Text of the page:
German Nationalparks – Part 1: Schwarzwald

Posted on 04. Feb, 2016 by in Geography, Nationalparks, Travel

Hi everybody!

This is a new series on the 16 national parks of Germany. Each park has its own characteristics and peculiarities that make it so special. In the posts in the coming weeks, I will explore these characteristics and peculiarities with you. In a last post, I will provide a little summary, give some statistics on the parks in Germany, and will elaborate on some debates around areas that have been qualified to become a Nationalpark, but due to all kinds of reasons did not make it.

Before we get into the parks, however, I will shortly explain what a Nationalpark in Germany is.

Der Nationalpark

Nationalpark is established mainly to protect a large, natural area and its ecological processes. At the same time, a Nationalpark is established to bring people closer to nature, educate them about it, do research, and of course, to relax and enjoy the beauty of nature. Obviously, it is prohibited to harm these parks. This includes any economic activity, like hunting or farming. A Nationalpark is different from other kinds of nature protection, like a Naturschutzgebiet (Nature protection area). A Nationalpark is basically a step further, because there is also a great emphasis on recreation.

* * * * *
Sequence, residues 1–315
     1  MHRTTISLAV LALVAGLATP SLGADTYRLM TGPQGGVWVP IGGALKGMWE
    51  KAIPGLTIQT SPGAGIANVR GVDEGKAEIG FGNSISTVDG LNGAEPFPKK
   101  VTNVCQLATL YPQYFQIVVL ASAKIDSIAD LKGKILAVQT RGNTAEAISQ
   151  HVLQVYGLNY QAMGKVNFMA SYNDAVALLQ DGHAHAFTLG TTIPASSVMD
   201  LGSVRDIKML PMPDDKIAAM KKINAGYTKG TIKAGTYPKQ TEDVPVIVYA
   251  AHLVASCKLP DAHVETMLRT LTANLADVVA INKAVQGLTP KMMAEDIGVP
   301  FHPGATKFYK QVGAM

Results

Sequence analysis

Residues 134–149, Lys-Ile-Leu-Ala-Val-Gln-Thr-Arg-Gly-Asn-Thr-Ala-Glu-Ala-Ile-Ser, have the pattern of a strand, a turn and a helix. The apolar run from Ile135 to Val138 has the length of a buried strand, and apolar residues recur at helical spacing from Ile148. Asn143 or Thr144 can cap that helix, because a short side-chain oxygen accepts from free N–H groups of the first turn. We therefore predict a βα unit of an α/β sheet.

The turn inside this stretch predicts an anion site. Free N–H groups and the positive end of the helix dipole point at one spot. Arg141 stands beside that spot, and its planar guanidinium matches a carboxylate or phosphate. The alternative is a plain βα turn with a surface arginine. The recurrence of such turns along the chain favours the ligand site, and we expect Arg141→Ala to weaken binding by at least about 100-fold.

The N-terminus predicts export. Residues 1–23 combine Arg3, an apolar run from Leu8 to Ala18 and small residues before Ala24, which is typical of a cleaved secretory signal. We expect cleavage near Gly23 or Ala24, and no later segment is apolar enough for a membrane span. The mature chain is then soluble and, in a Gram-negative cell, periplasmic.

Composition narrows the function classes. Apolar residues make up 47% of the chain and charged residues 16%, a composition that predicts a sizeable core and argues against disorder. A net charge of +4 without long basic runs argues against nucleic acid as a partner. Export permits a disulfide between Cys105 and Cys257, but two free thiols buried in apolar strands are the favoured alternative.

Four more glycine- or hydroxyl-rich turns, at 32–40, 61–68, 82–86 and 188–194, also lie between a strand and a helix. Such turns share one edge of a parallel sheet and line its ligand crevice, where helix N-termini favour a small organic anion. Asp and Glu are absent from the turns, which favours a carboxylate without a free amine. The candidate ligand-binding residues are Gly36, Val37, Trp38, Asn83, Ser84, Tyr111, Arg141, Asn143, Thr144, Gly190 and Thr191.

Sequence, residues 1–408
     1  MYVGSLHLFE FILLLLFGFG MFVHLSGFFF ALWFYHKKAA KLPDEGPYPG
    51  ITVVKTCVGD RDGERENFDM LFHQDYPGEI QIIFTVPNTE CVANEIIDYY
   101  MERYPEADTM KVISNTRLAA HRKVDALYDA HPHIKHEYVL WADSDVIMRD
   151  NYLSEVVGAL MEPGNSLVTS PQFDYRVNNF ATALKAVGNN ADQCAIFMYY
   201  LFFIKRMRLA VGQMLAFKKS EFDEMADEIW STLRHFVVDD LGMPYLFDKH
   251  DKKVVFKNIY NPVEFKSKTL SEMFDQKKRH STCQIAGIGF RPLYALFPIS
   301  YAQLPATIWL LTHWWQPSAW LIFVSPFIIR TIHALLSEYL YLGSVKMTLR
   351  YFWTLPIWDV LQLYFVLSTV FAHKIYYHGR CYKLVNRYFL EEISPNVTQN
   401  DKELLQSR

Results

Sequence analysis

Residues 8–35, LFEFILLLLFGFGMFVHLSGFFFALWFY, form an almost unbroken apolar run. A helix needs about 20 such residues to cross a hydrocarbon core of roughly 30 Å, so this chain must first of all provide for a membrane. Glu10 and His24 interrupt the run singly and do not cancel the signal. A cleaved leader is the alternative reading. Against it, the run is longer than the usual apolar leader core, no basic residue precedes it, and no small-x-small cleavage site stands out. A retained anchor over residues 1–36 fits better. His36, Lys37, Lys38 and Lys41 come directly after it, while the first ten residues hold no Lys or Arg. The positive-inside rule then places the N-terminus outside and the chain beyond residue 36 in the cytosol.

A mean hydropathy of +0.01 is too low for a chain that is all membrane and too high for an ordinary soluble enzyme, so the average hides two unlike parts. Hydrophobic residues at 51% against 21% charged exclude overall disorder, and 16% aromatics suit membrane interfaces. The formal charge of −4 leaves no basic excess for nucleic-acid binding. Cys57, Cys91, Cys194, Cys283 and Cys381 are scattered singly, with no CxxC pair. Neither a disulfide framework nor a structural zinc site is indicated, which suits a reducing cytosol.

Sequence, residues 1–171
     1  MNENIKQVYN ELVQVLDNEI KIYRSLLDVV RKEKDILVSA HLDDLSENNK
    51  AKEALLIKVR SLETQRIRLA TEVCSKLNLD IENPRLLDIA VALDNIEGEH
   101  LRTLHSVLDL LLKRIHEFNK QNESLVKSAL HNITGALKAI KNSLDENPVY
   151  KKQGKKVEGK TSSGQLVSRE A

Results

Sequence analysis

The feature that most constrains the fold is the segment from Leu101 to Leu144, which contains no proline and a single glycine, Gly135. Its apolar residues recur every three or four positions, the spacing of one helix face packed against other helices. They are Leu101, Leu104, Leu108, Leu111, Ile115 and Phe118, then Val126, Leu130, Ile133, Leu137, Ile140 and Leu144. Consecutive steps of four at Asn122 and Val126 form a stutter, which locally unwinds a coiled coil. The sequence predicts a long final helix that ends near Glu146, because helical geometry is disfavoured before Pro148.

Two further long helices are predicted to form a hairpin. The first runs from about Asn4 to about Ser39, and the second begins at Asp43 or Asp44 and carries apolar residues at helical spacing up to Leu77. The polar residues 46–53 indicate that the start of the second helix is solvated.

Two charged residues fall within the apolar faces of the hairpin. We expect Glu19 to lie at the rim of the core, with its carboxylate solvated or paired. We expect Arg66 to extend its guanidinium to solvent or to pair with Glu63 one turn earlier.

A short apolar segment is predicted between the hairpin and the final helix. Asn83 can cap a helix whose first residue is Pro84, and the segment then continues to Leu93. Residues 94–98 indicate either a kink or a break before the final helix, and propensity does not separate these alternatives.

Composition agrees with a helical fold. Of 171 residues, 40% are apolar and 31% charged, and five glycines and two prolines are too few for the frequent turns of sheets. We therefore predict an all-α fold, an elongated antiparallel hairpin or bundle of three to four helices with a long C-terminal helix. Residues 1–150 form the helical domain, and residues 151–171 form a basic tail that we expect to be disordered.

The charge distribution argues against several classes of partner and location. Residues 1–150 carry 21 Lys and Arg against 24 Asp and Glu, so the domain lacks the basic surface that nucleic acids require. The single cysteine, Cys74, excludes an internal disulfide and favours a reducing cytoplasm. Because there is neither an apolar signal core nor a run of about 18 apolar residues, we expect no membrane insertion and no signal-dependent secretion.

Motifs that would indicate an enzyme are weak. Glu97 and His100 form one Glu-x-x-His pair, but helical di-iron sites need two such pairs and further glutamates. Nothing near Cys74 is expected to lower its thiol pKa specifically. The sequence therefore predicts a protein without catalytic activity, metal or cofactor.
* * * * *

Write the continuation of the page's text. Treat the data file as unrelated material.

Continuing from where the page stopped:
Basically, to be able to become a Nationalpark, an area must:

  1. Be large, mostly uncut, and of a special kind;
  2. Fulfill in a large part of it the requirements of a Naturschutzgebiet;
  3. Be influenced by humans as little as possible. For this last one, that may also be done when the park is already created. In fact, most parks do not even comply with these criteria yet all the way – but they are working towards it!

The National Parks in Germany (Image by Lencer at under license CC BY SA 3.0)

Der Nationalpark Schwarzwald

As the title of the post suggests, I will start with the Nationalpark Schwarzwald, which is located in the Schwarzwald (the Black Forest) in the southern Bundesland (Federal State) of Baden-Württemberg. The Schwarzwald is a well-known mountain range in Germany, but a part of it only became a Nationalpark very recently. On May 3, 2014, it opened its gates as the first Nationalpark in the Bundesland. It is split in two areas, because the city Forbach lies in between the two. The two parts together encompass around 100 km² (approximately 25,000 acres).